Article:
Imagine … no mortgage payment, no rent, no utility bill and living in a situation where you can grow much of your own food year round. … Why have all of our approaches toward fighting the world of economics been with economic weapons? Economic survival is nothing more than a ruthless game and we do not have to play it. Money has become the sea of life and everyone needs a boat. The sea keeps getting rougher and the boats keep getting more elaborate, but never elaborate enough for a comfortable ride. We do not have to stay here. There is land out there where you don’t need a financial boat, you just need an Earthship. The real dream application of the Earthship concept is for people to buy memberships in land users associations for relatively small amounts of money. They build their own independent, food producing, homes for a fraction of the cost of having a conventional home built and end up with little or no mortagage payment and no utility bills. … Now, without major portions of revenue going to shelter and nothing going to utilities and less going to food, we have a LIFE not just a grueling race. This whole process creates jobs relative to the building of Earthships and their various components as well as some management and office work relative to the land users association and various businesses. (Earthship, volume III, p. 254-255)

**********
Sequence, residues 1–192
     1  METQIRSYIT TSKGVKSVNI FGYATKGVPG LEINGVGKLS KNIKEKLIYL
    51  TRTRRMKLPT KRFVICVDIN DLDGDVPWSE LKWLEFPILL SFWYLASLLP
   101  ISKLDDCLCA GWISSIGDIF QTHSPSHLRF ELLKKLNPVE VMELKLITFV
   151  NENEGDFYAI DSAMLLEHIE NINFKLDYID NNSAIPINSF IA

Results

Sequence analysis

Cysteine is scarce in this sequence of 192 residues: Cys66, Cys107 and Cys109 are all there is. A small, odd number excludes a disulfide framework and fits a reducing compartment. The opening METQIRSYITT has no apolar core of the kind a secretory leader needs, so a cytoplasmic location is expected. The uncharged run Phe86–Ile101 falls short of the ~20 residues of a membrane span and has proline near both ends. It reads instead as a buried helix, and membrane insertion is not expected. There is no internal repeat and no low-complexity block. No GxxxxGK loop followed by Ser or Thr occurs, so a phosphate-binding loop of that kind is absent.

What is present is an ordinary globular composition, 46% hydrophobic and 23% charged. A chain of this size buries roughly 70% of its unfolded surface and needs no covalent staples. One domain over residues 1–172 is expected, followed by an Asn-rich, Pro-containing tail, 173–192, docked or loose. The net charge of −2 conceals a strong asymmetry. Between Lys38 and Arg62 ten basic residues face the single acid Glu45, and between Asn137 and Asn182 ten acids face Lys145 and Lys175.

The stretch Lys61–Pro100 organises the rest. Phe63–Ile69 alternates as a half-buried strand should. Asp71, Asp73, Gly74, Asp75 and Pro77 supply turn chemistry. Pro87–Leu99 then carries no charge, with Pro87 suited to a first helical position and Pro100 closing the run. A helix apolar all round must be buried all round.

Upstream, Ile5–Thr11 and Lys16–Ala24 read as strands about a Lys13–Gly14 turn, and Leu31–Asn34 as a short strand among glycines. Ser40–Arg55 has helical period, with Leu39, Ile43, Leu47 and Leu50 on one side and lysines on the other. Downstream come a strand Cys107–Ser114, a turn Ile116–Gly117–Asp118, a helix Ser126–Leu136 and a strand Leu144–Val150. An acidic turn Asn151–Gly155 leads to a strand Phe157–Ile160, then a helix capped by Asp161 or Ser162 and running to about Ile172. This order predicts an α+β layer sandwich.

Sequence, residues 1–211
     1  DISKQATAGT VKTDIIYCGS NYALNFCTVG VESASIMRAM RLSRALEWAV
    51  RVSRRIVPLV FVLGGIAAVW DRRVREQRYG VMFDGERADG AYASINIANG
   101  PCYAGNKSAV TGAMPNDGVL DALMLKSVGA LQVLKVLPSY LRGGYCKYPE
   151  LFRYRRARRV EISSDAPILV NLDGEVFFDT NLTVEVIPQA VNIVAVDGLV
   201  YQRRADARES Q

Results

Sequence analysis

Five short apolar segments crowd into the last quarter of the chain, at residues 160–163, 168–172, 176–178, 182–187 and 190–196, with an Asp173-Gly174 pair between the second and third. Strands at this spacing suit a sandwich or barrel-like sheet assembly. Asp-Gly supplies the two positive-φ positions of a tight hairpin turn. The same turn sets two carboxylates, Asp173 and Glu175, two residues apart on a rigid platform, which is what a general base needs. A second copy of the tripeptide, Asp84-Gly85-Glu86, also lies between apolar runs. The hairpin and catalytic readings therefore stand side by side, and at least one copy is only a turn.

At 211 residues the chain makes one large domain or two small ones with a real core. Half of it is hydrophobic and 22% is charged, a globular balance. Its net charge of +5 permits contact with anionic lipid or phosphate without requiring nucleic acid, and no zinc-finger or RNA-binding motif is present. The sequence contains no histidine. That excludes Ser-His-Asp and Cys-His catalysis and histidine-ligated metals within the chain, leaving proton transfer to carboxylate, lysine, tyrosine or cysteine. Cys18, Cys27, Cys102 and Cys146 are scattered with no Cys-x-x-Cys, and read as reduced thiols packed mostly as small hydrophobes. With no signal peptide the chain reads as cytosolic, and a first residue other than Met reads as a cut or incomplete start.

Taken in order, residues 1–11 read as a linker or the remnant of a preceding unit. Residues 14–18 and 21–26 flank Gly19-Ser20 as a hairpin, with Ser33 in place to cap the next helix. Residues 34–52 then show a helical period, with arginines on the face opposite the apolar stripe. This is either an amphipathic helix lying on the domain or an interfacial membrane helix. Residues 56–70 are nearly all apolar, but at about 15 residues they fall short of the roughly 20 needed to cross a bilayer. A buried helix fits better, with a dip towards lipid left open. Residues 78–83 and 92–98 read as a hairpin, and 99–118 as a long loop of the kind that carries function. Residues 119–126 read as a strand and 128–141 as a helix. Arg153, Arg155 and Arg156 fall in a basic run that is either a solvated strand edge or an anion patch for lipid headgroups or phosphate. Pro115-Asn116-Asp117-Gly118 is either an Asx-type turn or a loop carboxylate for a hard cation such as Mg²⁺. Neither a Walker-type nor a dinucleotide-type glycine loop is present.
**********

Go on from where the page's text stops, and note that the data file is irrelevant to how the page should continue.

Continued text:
Indeed, perma-circularity generally isn’t “good business” for those who would like to have rebound effects make their high-tech “innovations” maximally profitable by selling as many units as possible at the highest possible price. What the Earthship Biotecture adventure shows, however, is that within a perma-circular frame of mind, our very notion of what makes for “good business” has to change fundamentally. Reynolds and his building crew get requests all the time – in the developed world but also in the developing world, including after disasters such as the 2004 tsunami that hit India and Indonesia. They aren’t giving everything away for free, but Reynolds emphatically does not want to become wealthy; he wants to do something meaningful and timely. We didn’t meet him personally when we visited the Taos Earthsip site; it’s quite likely that he has personal flaws and excesses like all of us, but one thing is certain: His determination and vision as well as his realism – like that of Wendy and Mikey on their Truth or Consequences homestead, like that of Greg Cajete in his role as university professor and Indigenous educator and speaker – are beacons of light that those of us who believe in perma-circular ideas and practices can and must look to. Each Earthship will be a “tree” that begins to shift the form and atmosphere of the whole “forest,” one house at a time.